Chest X-rays: Helping detect heart and lung conditions
Chest X-rays: Sorting out problems in your chest
Chest X-rays help doctors diagnose and treat pain and other problems in your chest.
If a picture is worth a thousand words, the images from a chest X-ray can be invaluable in detecting problems with your heart or lungs.
When you go to the emergency room with chest pain, for instance, a chest X-ray (radiograph) can help determine whether you have heart failure or a collapsed lung. Chest X-rays can also reveal fluid in your lungs, enlargement of your heart, pneumonia and many other conditions — they're not just for detecting a broken rib or two.
Who is a chest X-ray for?
Despite the numerous high-tech imaging procedures now available, the basic chest X-ray remains a core tool in helping diagnose problems with your cardiovascular and pulmonary systems — your heart, lungs and blood vessels. Chest X-rays are painless, quick and relatively inexpensive. They allow doctors to see inside your body without surgery and with minimal risk.
Your doctor may suggest a chest X-ray if you have a persistent cough, an injury involving your chest, chest pain, a heart murmur or difficulty breathing. Along with a physical examination and medical history, a chest X-ray is often among the first procedures you'll undergo if your doctor suspects you have heart or lung disease.
What a chest X-ray can show
How do you prepare for a chest X-ray?
You don't need much preparation for a chest X-ray. Be sure to tell your doctor if you're pregnant because chest X-rays are generally avoided during pregnancy. However, if the X-ray is necessary, precautions can be taken to minimize the unborn baby's exposure to radiation.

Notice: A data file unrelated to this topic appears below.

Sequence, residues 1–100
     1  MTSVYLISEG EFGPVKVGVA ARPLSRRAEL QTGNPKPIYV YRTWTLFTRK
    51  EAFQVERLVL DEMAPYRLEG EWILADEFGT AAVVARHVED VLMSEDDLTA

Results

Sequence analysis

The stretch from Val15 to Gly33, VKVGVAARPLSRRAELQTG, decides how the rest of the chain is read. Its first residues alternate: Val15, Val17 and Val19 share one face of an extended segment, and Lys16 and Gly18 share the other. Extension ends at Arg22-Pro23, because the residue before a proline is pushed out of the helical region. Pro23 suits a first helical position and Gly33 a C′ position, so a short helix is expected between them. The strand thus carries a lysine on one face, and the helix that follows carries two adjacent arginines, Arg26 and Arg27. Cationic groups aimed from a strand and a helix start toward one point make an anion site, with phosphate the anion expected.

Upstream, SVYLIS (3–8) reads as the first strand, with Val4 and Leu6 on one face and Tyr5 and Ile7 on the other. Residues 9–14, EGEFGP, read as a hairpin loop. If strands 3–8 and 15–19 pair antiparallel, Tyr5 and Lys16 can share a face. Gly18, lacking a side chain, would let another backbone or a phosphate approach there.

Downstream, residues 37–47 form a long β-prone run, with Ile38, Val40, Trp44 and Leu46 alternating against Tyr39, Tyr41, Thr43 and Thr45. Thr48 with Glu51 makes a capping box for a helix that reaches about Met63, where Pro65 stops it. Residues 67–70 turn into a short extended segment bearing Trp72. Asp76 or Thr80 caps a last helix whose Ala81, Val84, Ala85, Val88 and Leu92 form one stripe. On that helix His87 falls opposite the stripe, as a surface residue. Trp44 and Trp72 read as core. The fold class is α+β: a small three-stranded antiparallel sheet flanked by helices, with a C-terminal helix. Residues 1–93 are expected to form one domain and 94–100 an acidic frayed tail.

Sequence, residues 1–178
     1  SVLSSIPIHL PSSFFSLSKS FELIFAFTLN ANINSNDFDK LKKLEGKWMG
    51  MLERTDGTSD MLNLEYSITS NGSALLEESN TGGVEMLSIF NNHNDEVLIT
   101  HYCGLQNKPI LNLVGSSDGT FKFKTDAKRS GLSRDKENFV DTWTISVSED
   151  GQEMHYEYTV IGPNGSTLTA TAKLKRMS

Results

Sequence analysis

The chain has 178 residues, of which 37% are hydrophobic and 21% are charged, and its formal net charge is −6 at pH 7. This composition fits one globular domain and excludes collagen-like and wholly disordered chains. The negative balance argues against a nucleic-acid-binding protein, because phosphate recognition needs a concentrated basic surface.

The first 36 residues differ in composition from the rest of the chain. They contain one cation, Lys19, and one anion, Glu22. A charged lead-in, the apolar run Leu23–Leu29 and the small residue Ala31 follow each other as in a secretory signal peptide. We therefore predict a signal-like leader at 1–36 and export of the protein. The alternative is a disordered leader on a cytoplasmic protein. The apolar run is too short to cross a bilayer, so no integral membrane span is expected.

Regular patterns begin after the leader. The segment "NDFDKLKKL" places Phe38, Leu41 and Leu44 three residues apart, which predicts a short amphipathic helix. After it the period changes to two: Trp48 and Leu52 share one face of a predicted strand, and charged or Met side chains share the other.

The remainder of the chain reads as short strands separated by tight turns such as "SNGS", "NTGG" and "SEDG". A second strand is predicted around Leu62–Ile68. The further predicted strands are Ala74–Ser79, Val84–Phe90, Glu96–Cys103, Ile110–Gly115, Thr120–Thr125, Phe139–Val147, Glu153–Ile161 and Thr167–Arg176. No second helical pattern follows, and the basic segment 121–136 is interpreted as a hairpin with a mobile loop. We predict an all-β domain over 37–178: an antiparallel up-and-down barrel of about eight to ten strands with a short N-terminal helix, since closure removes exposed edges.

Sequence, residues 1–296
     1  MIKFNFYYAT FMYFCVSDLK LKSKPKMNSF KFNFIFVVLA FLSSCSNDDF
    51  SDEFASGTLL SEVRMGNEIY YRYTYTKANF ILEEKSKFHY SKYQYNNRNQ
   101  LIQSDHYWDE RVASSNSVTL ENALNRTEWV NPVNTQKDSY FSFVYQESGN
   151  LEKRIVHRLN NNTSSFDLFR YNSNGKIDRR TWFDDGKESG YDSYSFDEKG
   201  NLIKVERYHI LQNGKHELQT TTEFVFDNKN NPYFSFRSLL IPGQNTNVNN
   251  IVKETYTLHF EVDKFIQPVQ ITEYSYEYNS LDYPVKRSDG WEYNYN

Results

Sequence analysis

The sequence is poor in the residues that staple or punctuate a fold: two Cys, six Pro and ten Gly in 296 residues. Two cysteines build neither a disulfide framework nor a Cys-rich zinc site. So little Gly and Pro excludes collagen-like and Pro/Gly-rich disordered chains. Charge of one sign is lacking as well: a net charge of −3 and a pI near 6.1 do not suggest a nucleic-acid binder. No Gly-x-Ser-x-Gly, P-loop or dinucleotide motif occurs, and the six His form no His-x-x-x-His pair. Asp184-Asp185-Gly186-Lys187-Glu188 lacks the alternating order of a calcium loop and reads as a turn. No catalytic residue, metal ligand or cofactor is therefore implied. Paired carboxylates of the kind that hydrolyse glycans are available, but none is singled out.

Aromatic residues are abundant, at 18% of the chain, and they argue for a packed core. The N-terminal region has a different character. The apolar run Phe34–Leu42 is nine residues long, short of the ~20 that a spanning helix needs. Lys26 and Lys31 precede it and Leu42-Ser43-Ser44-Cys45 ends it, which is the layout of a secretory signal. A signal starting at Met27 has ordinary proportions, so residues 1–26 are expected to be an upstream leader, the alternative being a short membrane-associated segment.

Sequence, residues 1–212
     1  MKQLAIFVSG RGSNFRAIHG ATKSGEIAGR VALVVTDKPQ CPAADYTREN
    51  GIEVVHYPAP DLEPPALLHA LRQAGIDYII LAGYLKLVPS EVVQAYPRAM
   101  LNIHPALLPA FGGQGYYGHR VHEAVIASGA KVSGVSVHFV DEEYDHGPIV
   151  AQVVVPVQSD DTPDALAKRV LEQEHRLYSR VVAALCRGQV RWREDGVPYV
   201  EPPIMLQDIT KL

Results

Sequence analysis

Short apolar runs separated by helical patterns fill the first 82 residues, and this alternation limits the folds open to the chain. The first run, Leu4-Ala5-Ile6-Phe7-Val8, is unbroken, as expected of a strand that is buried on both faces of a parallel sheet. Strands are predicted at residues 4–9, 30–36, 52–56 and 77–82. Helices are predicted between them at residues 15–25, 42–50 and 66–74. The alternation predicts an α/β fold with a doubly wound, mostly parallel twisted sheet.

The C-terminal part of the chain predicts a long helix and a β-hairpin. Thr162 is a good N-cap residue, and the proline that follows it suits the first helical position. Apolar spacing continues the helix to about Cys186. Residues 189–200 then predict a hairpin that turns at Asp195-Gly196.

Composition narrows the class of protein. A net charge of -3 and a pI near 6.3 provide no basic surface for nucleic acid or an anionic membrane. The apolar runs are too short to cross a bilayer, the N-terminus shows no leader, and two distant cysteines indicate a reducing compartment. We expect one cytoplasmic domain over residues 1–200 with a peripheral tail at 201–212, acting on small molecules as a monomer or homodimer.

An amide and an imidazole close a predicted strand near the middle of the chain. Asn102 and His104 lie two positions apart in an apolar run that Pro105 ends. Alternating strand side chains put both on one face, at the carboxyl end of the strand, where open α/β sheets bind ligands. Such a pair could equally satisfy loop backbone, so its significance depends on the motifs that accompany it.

You can have an X-ray even if you have a pacemaker or an implanted cardioverter-defibrillator. In fact, a chest X-ray can help determine if such devices are located where they should be and whether they've sustained any mechanical damage.
Before the chest X-ray, you generally undress from the waist up and wear an exam gown. Remove jewelry from the waist up, too, since both clothing and jewelry can obscure the X-ray images.
How is a chest X-ray done?
Chest X-rays can be done by an X-ray technician or radiologist in a hospital radiology department or in a clinic.
An image is created by directing X-rays at your chest and positioning a large piece of photographic film or a digital recording plate against your back. The X-ray machine produces a tiny burst of radiation that passes through your body and produces an image on the film or digital plate.
X-rays penetrate body structures and tissue in different ways. Bone is very dense and blocks much of the radiation, so the image of bone on the film appears white. Your heart also blocks some of the radiation and so appears as a lighter area on the film. Lungs, on the other hand, are filled with air, so they block little of the radiation, creating a dark image.
A chest X-ray helps detect problems with your heart, lungs and blood vessels. Here, the top chest X-ray is normal. The cloudier bottom X-ray shows an enlarged heart and fluid in the lungs.
What can you expect during a chest X-ray?
During the procedure, your body is positioned between the X-ray camera and the X-ray film or digital recorder. You may be asked to move into different positions or angles in order to take views from both the front and the sides of your chest.